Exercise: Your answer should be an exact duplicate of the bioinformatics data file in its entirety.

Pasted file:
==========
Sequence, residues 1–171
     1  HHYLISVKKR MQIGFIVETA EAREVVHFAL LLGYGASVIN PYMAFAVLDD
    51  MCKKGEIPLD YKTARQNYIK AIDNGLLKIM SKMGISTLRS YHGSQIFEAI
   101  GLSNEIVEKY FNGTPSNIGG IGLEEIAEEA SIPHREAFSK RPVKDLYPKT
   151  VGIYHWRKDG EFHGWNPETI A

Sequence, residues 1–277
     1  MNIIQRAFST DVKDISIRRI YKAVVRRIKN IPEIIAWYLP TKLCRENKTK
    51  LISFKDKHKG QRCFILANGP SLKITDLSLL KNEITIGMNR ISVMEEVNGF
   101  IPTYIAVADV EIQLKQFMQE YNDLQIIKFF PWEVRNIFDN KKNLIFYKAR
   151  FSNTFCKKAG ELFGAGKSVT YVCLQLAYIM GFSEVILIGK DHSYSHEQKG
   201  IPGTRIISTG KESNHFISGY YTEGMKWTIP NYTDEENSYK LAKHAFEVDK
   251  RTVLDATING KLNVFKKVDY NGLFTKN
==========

Sequence, residues 1–171
     1  HHYLISVKKR MQIGFIVETA EAREVVHFAL LLGYGASVIN PYMAFAVLDD
    51  MCKKGEIPLD YKTARQNYIK AIDNGLLKIM SKMGISTLRS YHGSQIFEAI
   101  GLSNEIVEKY FNGTPSNIGG IGLEEIAEEA SIPHREAFSK RPVKDLYPKT
   151  VGIYHWRKDG EFHGWNPETI A

Sequence, residues 1–277
     1  MNIIQRAFST DVKDISIRRI YKAVVRRIKN IPEIIAWYLP TKLCRENKTK
    51  LISFKDKHKG QRCFILANGP SLKITDLSLL KNEITIGMNR ISVMEEVNGF
   101  IPTYIAVADV EIQLKQFMQE YNDLQIIKFF PWEVRNIFDN KKNLIFYKAR
   151  FSNTFCKKAG ELFGAGKSVT YVCLQLAYIM GFSEVILIGK DHSYSHEQKG
   201  IPGTRIISTG KESNHFISGY YTEGMKWTIP NYTDEENSYK LAKHAFEVDK
   251  RTVLDATING KLNVFKKVDY NGLFTKN